Pretentiousness is something not usually found in barbecue restaurants or small towns, but by golly there it is in the warning palate of black and yellow.This was our first stop and we went with brisket, turkey and sausage. All of it was good, in particular the brisket, some of which was served chopped and some of which was served in the slices you’re used to seeing. I thought the slices brisket was better, but that wasn’t unanimous. However you got it, it had a robust, salty bark on it with that burnt pink smoke ring on the inside.

On the way out, we evaluated.

“That was great, but you know what would have made it better?” Jacob said in the car. “Some barbecue sauce.”

Thankfully all the other places we visited offered sauce, but none of them seem to be real proud of it. It’s an afterthought, a garnish, offered with a reluctance that says, “You’re the customer and we guess that means you’re always right, but we’d really like you to try it without the sauce first.”

Well OK fine but I’ve done that plenty of times and I like sauce, all right? IS THAT OK? I especially like sauce when there’s been some real effort put into it, the way it is done in Kansas City, but that is uncommon in these parts. I have to say, though, that my compulsion to have my meat swimming in it like buffalo wings has been eliminated. Its best usage is probably closer to the way you use Tabasco on your eggs or honey on your biscuits. You’re not mopping it, you’re not slathering it, you’re not trying to drown this velvety meat in sugar and acid. You’re just drizzling it. It allows you to taste all that wonderful, delicate smoke and just complement it with a touch of tang and some sweet.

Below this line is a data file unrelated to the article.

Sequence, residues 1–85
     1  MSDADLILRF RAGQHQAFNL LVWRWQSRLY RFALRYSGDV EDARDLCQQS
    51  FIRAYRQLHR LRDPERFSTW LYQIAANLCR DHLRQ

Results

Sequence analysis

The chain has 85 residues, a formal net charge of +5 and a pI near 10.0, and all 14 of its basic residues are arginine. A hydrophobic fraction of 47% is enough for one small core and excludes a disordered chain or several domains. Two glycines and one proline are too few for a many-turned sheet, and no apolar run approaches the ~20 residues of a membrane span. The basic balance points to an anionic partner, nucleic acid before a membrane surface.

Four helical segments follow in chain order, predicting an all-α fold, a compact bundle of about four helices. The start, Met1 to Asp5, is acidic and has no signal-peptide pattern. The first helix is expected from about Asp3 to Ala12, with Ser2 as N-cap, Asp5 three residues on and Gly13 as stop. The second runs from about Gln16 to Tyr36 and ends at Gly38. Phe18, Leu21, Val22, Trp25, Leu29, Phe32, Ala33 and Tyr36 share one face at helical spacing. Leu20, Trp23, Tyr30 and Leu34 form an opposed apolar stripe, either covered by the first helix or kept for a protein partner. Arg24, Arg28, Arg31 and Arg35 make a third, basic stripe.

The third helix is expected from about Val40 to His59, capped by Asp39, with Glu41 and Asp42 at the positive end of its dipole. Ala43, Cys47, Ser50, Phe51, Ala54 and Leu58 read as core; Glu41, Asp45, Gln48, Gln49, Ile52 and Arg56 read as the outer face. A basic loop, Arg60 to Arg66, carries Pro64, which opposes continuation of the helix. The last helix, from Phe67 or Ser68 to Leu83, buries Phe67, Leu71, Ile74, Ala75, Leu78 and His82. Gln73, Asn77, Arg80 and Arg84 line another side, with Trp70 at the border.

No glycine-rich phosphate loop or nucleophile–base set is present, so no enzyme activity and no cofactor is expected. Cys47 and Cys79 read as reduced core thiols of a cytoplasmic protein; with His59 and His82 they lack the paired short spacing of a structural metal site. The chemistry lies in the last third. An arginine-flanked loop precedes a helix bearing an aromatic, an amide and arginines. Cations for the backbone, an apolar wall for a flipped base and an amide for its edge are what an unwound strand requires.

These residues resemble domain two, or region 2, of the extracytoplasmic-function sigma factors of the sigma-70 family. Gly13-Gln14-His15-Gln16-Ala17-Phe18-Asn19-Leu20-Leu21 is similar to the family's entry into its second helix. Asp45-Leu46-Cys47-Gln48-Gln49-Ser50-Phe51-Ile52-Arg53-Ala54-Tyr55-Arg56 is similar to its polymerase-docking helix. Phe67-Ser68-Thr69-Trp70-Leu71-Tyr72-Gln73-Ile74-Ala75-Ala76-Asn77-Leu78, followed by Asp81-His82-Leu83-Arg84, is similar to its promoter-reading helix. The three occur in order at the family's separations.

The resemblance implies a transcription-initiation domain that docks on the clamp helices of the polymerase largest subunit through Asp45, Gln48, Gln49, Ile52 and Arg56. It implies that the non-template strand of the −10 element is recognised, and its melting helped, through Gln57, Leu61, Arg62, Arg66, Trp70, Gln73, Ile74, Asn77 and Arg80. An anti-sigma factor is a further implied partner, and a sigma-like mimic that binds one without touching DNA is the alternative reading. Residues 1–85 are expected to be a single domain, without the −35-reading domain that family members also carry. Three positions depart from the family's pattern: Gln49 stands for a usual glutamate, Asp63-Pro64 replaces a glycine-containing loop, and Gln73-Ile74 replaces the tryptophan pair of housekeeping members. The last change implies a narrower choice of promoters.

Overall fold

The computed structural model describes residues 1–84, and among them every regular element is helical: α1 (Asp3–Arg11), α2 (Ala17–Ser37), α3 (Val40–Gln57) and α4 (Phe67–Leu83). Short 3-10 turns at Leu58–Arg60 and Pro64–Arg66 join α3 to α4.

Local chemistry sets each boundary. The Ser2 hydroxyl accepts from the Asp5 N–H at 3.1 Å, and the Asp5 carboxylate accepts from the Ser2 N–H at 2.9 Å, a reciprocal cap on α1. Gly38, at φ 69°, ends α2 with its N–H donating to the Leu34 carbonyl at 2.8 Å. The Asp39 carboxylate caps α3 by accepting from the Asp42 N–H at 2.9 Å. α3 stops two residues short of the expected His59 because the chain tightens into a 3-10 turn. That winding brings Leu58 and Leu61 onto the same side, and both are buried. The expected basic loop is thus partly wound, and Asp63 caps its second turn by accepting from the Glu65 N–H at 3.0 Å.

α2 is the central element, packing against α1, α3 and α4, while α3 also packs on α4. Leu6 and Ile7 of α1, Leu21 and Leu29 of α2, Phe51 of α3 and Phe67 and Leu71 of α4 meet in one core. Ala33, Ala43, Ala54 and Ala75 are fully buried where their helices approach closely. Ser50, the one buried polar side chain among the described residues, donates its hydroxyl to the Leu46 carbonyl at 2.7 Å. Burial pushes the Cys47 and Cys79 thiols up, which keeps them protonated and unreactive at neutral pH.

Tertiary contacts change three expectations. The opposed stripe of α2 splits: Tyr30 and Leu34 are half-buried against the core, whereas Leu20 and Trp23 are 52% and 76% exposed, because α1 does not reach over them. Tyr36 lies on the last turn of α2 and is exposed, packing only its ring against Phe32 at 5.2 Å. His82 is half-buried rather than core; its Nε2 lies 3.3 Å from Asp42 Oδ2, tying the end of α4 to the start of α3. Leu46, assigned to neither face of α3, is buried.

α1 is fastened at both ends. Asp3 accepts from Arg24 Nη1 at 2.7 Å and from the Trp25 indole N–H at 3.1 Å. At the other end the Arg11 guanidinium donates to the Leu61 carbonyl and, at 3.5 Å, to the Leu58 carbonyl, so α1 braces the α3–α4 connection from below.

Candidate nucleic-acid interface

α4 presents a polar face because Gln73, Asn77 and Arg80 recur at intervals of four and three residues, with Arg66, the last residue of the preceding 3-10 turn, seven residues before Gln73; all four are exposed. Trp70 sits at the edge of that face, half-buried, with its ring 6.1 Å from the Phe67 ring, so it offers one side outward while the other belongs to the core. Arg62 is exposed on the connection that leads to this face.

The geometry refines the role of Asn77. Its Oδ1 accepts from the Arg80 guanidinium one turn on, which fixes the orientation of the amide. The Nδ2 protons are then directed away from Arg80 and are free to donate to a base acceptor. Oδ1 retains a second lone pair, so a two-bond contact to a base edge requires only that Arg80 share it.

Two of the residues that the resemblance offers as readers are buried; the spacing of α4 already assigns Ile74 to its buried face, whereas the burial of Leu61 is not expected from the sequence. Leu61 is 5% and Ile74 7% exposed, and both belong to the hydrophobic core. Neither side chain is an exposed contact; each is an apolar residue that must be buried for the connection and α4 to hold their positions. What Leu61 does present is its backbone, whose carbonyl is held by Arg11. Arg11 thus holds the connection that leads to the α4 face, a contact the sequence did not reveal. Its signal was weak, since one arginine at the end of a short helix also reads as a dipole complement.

There is something magical about Wonder bread, barbecue sauce and smoked meat all dancing together (to the BBQ Playboys, most likely), and I say this as a guy who places high importance on bread quality. It’s just that, quite simply, cheap white bread is the most ideal bread medium for barbecue. I submit that if you are in a barbecue place that is offering something other than Wonderbread with its barbecue, you are in a barbecue place that is missing the point. That is a combination that cannot be improved upon and should not be messed with. It’s like a buddy cop movie about a young rule-breaking hot shot and an old vet who’s one day away from retirement. It is tried and true.

Near to Lockhart is a town called Luling, which we learned is best known for something called the “Watermelon Thump.” It is the kind of event where you can ride rides and get a funnel cake. Teenage girls compete to be voted “Thump Queen,” which sounds more like an insult than a social decoration, but nonetheless it was clear Luling is big-time watermelon country. Unfortunately the Thump Festival didn’t begin until a couple hours after we left.

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We ate more brisket, sausage and pork ribs at Luling’s City Market, the ribs being the best of the trip. Luling’s offered little bricks of cheese for 75 cents (which is uncustomary) along with dill pickles and raw yellow onions (which is). I have a bit of a ideological (and, given my stance on sauce, possibly hypocritical) objection to adding cheese to barbecue, but I can’t say I didn’t quite enjoy folding some brisket, cheese and onion in between that Wonder bread.